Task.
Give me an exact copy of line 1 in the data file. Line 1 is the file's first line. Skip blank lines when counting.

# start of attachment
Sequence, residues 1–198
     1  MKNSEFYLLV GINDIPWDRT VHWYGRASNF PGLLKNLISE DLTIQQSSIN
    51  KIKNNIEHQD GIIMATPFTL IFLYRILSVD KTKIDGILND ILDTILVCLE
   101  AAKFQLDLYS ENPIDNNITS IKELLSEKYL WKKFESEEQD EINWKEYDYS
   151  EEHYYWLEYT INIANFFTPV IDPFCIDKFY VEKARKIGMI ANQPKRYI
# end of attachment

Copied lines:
Sequence, residues 1–198